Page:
So, I mentioned (several times) in my last post that there were too many PCs in too small a space. The corridor in which they fought their largest (and longest) battle to date was too tight to allow any real maneuvering. This resulted in having too many characters with too little to do. This is a problem, but one of our own device. And it is fixable by another such device. This will result in fun. This will be good. So what is it, then?
We're going to institute a new rule for our game: No more than two characters for each player. No zeroes unless it's a funnel game. We may fudge this to some extent, depending on who's playing, but this is going to be the way of it going forward. When you have five players in the game, each with four characters, and you ram them into a narrow tunnel... well, let's just say this is a suboptimal gaming experience.
What I'd rather do is have fewer characters, but the DCC system really kind of relies on having a pipeline of characters to rely upon. When you get 1st level guys, you still worry about death, and about (to put it in baseball terms) the "minor leagues." This is where your up-and-coming talent is recruited, trained, honed into the weapons of your heart's desire. I'm thinking that I want to do something with +Adam Muszkiewicz' Winos and Wastrels rules for PC down time. I'm starting to think that could be turned into a Long Game sort of thing.
Here's the thing. I'm not certain, to what extent I want to leave "domain-level" stuff up to the whims of the dice. Sure, it's fucking DCC (Hells yeah!). I get that part. But I think having a mechanic be player-driven adds a level to it that helps people like me-- i.e., guys who fight ADD with OCD. I like to tweak on the details like this. This is about narrative. This is about My Story. The fact that I write a lot of stuff for my campaigns, pretty much a whole, playable module (beta version at least... okay, maybe gamma), means that I do get pretty invested in story, as such. So, I want the characters to be a part of it and, very importantly, to have my players make their own places in it. I don't say "to let them tell their own stories," because I mean to say something a bit different. I mean that I like to see them work within the context of the game I present. I like to see them use things in the game-as-presented to do shit they want to do. Yeah, that's the definition of "sandbox play" pretty much. It'll be nice to have a way to do it more systematically, with a "system" and dice and whatnot.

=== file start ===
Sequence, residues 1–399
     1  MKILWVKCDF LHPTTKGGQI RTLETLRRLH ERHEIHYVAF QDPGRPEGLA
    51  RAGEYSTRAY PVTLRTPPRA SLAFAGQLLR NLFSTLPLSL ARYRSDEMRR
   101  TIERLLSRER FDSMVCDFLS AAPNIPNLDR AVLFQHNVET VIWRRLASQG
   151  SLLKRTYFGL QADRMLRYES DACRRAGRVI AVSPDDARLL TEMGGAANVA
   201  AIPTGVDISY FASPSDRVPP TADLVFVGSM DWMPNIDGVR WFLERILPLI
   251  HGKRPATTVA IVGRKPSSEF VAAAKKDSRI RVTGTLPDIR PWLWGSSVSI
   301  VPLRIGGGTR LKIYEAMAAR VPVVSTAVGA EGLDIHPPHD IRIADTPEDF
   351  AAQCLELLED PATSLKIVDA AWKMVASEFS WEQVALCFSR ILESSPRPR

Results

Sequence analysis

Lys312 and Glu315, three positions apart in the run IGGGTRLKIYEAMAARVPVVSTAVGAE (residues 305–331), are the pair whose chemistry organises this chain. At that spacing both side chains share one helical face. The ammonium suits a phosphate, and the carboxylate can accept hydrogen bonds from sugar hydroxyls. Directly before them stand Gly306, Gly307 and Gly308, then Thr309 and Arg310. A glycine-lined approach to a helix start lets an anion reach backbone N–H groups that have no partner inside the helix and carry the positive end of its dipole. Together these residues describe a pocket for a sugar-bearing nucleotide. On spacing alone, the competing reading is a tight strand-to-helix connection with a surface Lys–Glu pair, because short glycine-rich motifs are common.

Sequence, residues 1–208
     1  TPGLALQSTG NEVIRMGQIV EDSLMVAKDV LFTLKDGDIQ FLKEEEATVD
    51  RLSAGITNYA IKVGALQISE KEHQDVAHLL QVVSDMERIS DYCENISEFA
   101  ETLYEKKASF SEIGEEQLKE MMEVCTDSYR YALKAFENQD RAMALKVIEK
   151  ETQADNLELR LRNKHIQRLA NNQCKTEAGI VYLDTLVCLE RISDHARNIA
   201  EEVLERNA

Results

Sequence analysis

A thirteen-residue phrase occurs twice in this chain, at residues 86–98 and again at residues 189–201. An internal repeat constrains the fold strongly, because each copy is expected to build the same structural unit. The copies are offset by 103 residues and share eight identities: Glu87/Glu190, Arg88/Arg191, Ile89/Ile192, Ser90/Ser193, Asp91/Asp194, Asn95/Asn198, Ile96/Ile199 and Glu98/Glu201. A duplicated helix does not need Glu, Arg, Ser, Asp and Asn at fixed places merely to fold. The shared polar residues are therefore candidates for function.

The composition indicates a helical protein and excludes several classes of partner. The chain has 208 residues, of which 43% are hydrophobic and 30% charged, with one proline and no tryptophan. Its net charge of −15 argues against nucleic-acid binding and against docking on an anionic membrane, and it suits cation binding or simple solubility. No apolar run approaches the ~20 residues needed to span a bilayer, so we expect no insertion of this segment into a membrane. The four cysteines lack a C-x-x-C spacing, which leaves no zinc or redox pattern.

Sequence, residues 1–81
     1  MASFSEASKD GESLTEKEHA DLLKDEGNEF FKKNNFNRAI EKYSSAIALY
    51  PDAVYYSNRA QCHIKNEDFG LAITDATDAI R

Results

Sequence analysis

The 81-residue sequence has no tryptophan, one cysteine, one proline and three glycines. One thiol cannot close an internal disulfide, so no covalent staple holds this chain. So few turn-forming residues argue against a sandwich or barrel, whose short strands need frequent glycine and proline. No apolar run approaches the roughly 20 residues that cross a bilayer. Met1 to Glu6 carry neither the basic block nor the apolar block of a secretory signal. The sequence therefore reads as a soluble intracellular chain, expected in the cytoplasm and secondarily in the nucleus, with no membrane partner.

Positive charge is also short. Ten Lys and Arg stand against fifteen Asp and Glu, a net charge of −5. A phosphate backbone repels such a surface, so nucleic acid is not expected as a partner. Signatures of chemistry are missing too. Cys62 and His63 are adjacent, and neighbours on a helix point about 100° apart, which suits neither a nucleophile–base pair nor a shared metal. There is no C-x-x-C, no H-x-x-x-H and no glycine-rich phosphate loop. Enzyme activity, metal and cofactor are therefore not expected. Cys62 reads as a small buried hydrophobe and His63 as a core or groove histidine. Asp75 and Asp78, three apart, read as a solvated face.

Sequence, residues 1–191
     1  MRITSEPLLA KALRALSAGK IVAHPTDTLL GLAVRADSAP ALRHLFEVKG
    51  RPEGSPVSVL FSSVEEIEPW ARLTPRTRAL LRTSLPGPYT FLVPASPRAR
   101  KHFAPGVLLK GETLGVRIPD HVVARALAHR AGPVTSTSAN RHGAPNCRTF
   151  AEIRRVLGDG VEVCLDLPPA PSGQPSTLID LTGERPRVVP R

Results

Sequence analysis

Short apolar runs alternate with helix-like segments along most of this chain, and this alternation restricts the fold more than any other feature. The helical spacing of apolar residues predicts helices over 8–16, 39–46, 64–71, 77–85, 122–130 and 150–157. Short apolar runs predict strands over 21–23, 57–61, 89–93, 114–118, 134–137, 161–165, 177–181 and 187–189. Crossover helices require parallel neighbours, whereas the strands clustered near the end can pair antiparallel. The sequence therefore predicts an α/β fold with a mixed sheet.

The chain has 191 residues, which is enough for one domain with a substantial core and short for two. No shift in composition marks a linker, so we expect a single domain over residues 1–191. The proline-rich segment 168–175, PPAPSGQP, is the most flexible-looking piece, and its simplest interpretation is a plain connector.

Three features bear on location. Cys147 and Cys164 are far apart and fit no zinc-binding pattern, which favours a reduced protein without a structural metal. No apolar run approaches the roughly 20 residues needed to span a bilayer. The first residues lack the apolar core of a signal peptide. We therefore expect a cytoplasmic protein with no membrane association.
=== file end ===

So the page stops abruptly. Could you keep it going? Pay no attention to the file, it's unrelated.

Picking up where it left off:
So, I was thinking about just plowing ahead with it in narrative. Fuck that, though. Let's do something that at least involves dice and strategy. I want something a bit more complex that Winos and Wastrels, and probably something that uses a common deck of cards as a randomizer. A lot of people have done stuff with those. So, both dice and cards. A gambler's wet dream. That sounds fun.
I also think that Stars Without Number (from Sine Nomine) has a neato faction system that could be examined for its possibilities. It's got some ways, mechanically, to do some things I want to do. It helps with creation of factions, a mechanic to have them "compete" for influence and resources and whatnot. It has a turn system to manage that sort of meta-play. Those are all good things. But notice that I'm keep this description in terms of how the system functions instead of what it is. I'd like to see it work more like DCC and less like SWN. Blood and Treasure might also be a place to look (Yeah, and ACKS, but I don't own it, and don't want to spend any more money.).